Aug. 15, 2022

Molar Pregnancy; Episode #111

Molar Pregnancy; Episode #111

Molar pregnancies, also known as hydatidiform moles, are rare usually unviable pregnancies that develop when trophoblasts (the cells that normally develop into a placenta) grow abnormally. Today’s episode is all about this rare issue in pregnancy,...


Molar pregnancies, also known as hydatidiform moles, are rare usually unviable pregnancies that develop when trophoblasts (the cells that normally develop into a placenta) grow abnormally. Today’s episode is all about this rare issue in pregnancy, its treatment, and possible complications.

 

As you may know, human cells should contain 23 pairs of chromosomes; one set from the mother and the other from the father. In a complete molar pregnancy, an empty egg is fertilized by one or two sperm, so all of the chromosomes present are the father’s. In a partial molar pregnancy, the mother’s chromosomes are present but the father’s are double present, meaning the embryo has 69 instead of 46 chromosomes.

 

Both categories of molar pregnancies require early intervention and care, followed by close monitoring of HCG levels. In cases of complete molar pregnancies, very rarealy, cancer can also be a concern.

 

Another possible complication is that molar tissue can continue growing even after a D&C procedure, which in very servere cases can prolonged monitoring, further intevention and very rarely chemotherapy.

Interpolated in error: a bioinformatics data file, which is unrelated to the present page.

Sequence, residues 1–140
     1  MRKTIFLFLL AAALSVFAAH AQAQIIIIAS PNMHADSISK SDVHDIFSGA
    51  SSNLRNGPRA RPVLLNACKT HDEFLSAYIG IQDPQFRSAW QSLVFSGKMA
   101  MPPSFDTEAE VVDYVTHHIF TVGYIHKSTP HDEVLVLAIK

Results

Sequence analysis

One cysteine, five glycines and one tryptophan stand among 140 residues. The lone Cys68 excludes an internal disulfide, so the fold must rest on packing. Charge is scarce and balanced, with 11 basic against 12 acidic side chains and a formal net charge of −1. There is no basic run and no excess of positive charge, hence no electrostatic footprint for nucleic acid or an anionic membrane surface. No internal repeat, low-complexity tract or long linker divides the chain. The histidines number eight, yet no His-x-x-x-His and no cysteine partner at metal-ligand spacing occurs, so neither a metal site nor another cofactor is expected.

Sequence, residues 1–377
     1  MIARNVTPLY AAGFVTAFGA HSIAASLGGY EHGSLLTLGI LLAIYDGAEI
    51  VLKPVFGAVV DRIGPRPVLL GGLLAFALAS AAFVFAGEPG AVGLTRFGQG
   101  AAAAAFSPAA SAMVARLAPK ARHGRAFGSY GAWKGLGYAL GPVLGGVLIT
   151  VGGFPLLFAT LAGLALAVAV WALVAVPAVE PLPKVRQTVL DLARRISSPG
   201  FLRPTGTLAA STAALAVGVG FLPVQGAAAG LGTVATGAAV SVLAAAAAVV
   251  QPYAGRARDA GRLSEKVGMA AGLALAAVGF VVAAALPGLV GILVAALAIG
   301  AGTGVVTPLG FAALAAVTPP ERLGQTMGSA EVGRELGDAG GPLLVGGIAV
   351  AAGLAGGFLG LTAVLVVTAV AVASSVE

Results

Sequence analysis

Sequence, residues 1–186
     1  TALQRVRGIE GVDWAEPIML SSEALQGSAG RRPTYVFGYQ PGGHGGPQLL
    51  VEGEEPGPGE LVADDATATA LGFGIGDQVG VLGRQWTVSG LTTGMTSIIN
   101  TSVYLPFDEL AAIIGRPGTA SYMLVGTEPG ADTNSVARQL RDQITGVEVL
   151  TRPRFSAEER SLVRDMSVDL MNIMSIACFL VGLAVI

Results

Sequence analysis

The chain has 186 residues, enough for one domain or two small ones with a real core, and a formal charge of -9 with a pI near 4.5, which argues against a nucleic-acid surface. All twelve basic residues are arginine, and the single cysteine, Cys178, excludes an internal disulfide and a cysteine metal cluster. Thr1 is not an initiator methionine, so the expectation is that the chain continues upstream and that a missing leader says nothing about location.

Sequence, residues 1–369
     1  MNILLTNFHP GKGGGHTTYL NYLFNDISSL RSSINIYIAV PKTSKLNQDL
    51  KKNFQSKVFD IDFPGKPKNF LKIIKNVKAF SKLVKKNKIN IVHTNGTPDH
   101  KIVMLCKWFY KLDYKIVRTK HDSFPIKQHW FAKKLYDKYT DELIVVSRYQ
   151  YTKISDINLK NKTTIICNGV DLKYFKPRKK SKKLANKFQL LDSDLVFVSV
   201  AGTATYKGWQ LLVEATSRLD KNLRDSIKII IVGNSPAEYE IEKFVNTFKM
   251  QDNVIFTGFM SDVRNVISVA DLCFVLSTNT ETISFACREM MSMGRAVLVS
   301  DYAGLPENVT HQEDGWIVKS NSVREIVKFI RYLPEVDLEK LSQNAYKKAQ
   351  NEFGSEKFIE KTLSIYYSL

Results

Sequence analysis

Symptoms include bleeding, cramping, severe nausea, thyroid issues, and pain. It's hard to diagnose as a normal pregnancy can have all of these symptoms as well. Diagnosis is done by a blood test and ultrasound.

 

Did we mention these are rare? 1 in 1,000. Risk factors can include extreme ages (very young as well as what we like to call “adult pregnancies” because we don’t use the word geriatric to describe pregnancies), a history of infertility, a previous diagnosis of molar pregnancy, and possibly a history of terminations. If a person has a molar pregnancy, there’s a slightly elevated chance that they’ll have another one, but the chances are still around 1 percent.

 

Women are strongly encouraged to avoid getting pregnant while they’re watching their hormone levels return to normal (usually around 6 months to a year for complete molar pregnancies).

 

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